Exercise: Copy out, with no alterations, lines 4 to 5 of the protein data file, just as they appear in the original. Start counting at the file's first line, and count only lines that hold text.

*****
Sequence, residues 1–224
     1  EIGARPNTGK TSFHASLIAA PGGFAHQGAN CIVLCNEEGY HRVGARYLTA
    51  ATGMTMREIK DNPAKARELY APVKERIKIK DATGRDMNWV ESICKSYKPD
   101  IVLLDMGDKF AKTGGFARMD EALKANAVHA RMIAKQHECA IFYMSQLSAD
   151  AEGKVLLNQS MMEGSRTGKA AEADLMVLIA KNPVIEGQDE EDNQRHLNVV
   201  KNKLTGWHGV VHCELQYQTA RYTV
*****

   101  IVLLDMGDKF AKTGGFARMD EALKANAVHA RMIAKQHECA IFYMSQLSAD
   151  AEGKVLLNQS MMEGSRTGKA AEADLMVLIA KNPVIEGQDE EDNQRHLNVV